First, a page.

To the latter belong the Greenshank and Redshank, as well as the Common Sandpiper, the " Summer-Snipe " above-mentioned, a bird hardly exceeding a skylark in size, and of very general distribution throughout the British Islands, but chiefly frequenting clear streams, especially those with a gravelly or rocky bottom, and mast generally breeding on the beds of sand or shingle on their banks.
From the large lens, E, the rays pass through the open air for a considerable distance, depending upon how much the mast has been raised, to the lower optical system.
The site was covered by pine trees, which were much used for ship-building, and for this reason it was known as Mast Swamp. In 1751 a mill was erected, but there were few, if any, residences until 1800.
Here the crane-post is extended into a long mast and is furnished with pivots at the top and bottom; the mast is supported by two " back ties," and these are connected to the socket of the bottom pivot by the " sleepers."
The telescopic mast is carried in trunnions on the carriage, and travels closed and in a horizontal position.
In military and naval use "to rake" means to enfilade, to fire so that the shot may pass lengthwise along a ship, a line of soldiers, entrenchments, &c. In the nautical sense of the projection or slope of a ship's bows or stern or the inclination of a mast, the word is apparently an adaptation of the Scandinavian raka, to reach, in the sense of reach forward.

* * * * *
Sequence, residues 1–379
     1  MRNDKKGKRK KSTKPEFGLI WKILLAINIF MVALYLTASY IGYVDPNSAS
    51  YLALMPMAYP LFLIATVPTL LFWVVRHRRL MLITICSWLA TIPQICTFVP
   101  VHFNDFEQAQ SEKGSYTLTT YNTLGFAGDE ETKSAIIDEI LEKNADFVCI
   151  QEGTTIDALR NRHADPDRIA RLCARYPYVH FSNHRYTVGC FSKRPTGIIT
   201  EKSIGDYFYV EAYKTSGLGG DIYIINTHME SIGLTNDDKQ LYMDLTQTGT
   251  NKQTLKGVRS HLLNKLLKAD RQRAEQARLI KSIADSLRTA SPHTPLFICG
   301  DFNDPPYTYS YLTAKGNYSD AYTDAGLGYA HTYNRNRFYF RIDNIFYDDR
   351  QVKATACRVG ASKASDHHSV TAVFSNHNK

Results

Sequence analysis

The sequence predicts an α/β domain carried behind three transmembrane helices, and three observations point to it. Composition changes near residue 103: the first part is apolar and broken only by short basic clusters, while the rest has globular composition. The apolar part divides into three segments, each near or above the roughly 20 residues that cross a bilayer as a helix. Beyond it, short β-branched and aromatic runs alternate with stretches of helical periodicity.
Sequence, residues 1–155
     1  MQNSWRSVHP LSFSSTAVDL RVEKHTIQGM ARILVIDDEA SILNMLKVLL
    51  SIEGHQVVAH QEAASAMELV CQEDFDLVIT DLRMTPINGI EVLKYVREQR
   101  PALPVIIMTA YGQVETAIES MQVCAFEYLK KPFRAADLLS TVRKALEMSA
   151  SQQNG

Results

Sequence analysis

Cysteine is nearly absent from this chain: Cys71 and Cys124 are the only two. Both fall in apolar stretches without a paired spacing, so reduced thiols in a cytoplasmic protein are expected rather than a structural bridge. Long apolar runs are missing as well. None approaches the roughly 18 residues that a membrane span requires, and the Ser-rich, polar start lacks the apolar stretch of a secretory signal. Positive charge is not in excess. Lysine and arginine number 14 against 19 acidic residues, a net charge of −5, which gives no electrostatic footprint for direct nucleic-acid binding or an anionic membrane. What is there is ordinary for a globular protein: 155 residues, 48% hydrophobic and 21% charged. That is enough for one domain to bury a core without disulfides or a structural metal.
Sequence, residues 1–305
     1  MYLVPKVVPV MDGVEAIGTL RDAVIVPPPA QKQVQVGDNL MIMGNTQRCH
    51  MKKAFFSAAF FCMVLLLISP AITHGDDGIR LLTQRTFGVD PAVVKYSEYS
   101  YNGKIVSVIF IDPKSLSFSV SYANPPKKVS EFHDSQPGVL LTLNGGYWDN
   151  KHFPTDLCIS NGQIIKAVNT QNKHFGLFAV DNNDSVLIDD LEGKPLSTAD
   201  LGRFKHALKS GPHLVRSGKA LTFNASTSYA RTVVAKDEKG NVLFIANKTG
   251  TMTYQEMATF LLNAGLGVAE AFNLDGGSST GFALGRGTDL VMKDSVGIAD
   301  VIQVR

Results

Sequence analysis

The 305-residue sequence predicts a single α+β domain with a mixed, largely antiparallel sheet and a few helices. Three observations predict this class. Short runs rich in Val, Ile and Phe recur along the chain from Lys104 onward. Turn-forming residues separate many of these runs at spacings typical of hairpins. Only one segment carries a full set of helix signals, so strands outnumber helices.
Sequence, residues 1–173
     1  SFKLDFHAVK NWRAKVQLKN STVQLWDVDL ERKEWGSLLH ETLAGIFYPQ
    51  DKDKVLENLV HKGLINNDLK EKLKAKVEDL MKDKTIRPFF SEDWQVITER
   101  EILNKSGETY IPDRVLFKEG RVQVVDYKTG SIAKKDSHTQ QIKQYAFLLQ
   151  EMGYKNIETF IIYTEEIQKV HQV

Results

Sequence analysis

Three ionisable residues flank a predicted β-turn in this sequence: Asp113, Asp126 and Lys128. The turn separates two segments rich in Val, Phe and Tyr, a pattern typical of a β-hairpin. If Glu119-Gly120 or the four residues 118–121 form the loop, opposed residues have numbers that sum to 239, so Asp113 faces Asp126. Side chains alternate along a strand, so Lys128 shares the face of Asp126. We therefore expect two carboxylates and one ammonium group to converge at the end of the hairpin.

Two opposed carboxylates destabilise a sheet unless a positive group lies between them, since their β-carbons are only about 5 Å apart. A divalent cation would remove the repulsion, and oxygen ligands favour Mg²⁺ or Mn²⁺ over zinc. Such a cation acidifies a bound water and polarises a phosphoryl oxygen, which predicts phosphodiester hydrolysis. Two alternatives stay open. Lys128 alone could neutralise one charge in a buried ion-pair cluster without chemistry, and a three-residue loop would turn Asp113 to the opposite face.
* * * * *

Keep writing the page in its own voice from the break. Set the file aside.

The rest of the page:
Without being very plentiful anywhere, it is generally distributed in suitable localities throughout its range - those localities being such as afford it a sufficient supply of food, consisting during the greater part of the year of insects, which it diligently seeks on the boles and larger limbs of old trees; but in autumn and winter it feeds on nuts, beech-mast, the stones of yew-berries and hard seeds.
The stock of the anchor rests on the cat-head when hung outside the ship. The name is also used of a type of a vessel, now obsolete, and formerly used in the coal and timber trade on the north-east coast of England; it had a deep waist and narrow stem; it is still applied to a small rig of sailing boats, with a single mast stepped far forward, with a fore and aft sail.
In the Saxon period the "mast" seems to have been regarded as the most valuable produce of an oak wood; nor was its use always confined to the support of the herds, for in time of dearth acorns were boiled and eaten by the poor as a substitute for bread both in England and France, as the sweeter produce of Q.
In this case it is found that the body falls relatively to the ship as if the latter were at rest, and alights at the foot of the mast, having consequently pursued a parabolic path relatively to the earth.
The mirror can be elevated and depressed by means of a flexible shaft which passes up the centre of the mast and actuates gear attached to the mirror frame.
At least as early as the 3rd century B.C. the custom was introduced of spreading the peplus like a sail on the mast of a ship, which was rolled on a machine in the procession.